Standardization has become sine quo non not only in the technology industry but also in other industries. The essence of standardization being, a uniformity, it seeks to achieve maximum effectiveness of the product or process in which standardization is to be observed.
What is Standardization?
The process of setting standards that have to be met by every player in the relevant market is called standardization. This is done by either state or private Standard Setting Organizations (SSOs). The standards in devices are set to promote device interoperability and enhance the customer user experience. Right from 4g, LTE, Wifi, and so on, form an integral part of standards in the information technology and communication industry.
Once invented and put into use these technologies become very essential that all the similar products in that line will have to use these technologies in order to be of effective use to the end-user. These essential inventions are patented by the company that would have spent its bottom dollar on the hopes of bringing back home the bacon! These protected essential patents, when declared as standards, get elevated to the position of Standard Essential Patents (SEPs).
Indian Jurisdiction on Standard Essential Patent Litigation
Perhaps a year back it would not have been incorrect to have told that Indian Jurisdiction in this regard has not yet crossed its nascent stage. However, now after a great amount of evolution to this concept which was brought in by the Delhi High Court (DHC) and the Competition Commission of India (CCI), it is fair enough to say that India has crossed half the sea in this regard.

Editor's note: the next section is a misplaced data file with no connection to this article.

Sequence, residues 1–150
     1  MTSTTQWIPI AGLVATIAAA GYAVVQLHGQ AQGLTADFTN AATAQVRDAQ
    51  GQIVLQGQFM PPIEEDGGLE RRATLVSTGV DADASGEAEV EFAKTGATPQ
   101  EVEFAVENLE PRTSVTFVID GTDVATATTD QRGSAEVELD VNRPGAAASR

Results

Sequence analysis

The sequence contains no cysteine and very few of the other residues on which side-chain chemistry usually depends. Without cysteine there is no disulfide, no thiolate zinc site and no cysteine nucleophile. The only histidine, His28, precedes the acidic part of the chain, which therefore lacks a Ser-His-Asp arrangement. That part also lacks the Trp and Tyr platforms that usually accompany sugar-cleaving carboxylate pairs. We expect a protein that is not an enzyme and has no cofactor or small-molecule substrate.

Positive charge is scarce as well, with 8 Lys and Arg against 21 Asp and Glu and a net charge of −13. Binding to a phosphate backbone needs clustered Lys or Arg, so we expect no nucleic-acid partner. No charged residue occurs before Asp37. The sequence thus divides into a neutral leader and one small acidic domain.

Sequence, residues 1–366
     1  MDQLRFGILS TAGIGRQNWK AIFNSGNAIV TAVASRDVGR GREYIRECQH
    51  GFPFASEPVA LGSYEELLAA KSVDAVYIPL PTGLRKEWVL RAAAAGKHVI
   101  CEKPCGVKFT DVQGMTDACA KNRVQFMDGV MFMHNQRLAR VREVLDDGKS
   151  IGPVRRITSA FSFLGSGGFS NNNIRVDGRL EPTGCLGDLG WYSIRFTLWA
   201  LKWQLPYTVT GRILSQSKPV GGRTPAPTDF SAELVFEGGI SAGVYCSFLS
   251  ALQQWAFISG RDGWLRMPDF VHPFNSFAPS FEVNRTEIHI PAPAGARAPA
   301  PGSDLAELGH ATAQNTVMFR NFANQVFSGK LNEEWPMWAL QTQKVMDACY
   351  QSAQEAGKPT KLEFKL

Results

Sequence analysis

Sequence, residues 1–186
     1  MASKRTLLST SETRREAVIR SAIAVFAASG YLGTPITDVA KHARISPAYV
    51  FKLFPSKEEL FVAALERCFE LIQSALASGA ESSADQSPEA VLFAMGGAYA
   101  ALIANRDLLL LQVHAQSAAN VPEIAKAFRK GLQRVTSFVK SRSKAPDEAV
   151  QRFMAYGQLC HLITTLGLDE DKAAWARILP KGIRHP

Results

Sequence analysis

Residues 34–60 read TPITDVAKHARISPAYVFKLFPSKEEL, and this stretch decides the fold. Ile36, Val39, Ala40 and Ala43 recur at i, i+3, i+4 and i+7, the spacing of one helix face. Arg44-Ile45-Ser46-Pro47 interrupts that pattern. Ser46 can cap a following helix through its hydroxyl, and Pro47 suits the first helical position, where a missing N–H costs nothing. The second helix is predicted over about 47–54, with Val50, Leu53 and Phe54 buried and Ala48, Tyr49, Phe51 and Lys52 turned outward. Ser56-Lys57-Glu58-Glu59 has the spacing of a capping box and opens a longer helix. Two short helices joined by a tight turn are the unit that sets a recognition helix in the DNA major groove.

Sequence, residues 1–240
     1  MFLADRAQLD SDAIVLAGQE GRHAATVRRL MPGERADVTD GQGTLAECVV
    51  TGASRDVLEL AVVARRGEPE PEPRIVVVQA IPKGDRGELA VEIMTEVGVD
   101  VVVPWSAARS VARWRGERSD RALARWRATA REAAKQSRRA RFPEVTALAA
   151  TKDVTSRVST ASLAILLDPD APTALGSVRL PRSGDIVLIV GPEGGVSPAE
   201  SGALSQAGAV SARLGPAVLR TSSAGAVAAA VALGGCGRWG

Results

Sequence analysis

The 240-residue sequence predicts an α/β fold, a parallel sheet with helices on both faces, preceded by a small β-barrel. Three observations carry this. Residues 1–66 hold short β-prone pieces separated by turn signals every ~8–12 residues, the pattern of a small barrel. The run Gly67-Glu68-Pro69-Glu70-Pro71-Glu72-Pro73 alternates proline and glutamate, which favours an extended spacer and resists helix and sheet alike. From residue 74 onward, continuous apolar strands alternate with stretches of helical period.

There was always a question as to whether an SEP holder was justified in terms of jurisdiction to approach the High Court as a petitioner or whether an SEP- Implementer is justified in approaching as an applicant the Competition Commission of India regarding the same mattershere the former contends that it is purely an Intellectual Property Rights issue and hence approaching the High court is correct in terms of Jurisdiction and contends that the Competition Commission of India cannot entertain such an information filed. On the other hand the SEP-Implementer contends that he is entitled to challenge the abuse of dominant position by the SEP-holder which is essentially governed by the Competition Act, 2002.
Challenges yet to be crossed
Though the position of the jurisdiction is clarified to a great extent possible by the joint efforts of the Competition Commission of India and Delhi High Court, there is still a huge task waiting to be sorted out. The recent vague position about FRAND – Fair Reasonable and Non-Discriminatory terms of licensing Standard Essential Patent requires an assiduous consideration from our Judiciary. If there is a definition of law that regulates the terms of FRAND licensing commitment there can be a lot more good done to the society at large.
Let us wait and watch what happens